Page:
The Chart That No "US Manufacturing Renaissance" Believer Wants To See

Tyler Durden's picture

With inventories of unsold cars at or near record highs and the Big 3 up to their old tricks of channel-stuffing (as we have vociferously exposed), it seems time has run out for the US manufacturing renaissance. The 'if we build cars, they will come and buy them' mentality has hit a literal wall as not only are dealers bloated with stock, the buyers have dried up. As the following chart shows, the average number of days it takes to sell a car in the US has surged recently after 9 months of improvement. This is the worst (slowest) pace of sales since August 2009. Not what the 'recovery' faithful wanted to hear...

Not a great sign for US consumption...

(h/t @TomOrlik)

 

And of course, with channels stuffed at almost record levels...

Confused why the various US manufacturing indices have been on a tear in the past few months? Perhaps the fact that GM dealer lots are so full of cars they just couldn't wait for even more deliveries has something to do with it. Which is also why in addition to reporting sales numbers for November that were largely in line with expectations, amounting to 212,060 (even if total Chevy Volts sold YTD of 20.7K were -0.6% less than in the same period in 2012), or 13.7% more than last year (estimated called for 13.% increase), of which a whopping 51,705 was in the form of "channel stuffed" units to be parked on dealer lots.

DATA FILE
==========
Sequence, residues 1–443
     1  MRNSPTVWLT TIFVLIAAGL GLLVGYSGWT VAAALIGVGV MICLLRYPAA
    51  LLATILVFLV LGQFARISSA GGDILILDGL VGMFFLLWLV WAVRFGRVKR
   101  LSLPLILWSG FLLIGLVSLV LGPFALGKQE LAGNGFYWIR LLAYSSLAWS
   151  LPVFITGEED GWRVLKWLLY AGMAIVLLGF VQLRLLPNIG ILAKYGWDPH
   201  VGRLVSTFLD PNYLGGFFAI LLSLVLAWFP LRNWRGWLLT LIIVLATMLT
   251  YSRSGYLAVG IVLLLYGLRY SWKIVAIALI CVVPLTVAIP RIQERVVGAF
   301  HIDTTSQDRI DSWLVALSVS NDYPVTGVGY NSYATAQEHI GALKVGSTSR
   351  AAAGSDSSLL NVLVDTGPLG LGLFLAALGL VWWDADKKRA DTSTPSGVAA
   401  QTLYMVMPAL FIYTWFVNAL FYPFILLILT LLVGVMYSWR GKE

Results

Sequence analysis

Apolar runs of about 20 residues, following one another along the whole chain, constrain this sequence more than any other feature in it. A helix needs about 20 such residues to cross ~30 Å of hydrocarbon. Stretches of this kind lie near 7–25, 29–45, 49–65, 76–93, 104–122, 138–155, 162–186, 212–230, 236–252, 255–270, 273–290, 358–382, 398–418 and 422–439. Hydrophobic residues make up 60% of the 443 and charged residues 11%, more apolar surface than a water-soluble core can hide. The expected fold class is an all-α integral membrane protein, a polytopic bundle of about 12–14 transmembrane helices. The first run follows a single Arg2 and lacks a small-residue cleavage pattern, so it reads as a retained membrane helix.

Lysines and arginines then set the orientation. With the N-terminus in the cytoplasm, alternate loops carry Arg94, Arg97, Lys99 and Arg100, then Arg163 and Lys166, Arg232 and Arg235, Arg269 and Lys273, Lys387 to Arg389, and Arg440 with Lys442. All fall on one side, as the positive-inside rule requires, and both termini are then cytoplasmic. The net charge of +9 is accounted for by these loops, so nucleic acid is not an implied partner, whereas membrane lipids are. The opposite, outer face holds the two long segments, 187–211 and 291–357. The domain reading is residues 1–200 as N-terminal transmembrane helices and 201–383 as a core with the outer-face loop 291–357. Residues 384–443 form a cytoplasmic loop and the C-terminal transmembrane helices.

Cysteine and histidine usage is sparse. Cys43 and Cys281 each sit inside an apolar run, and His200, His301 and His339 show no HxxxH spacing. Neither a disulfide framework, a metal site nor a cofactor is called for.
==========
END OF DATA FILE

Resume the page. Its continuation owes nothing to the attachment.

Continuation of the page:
In fact, as the chart below shows, in the past three months, GM channel stuffing has exploded and soared by 150K units (the most ever for a 3 month period) from 628.6K to 779.5K. This represents the second highest amount of channel stuffing and is lower only compared to the 788.2K units "stuffed" exactly one year ago.

 

 

 

Next, price cuts, more allowances, lower subprime acceptance standards? Anyone else feel deja vu all over again?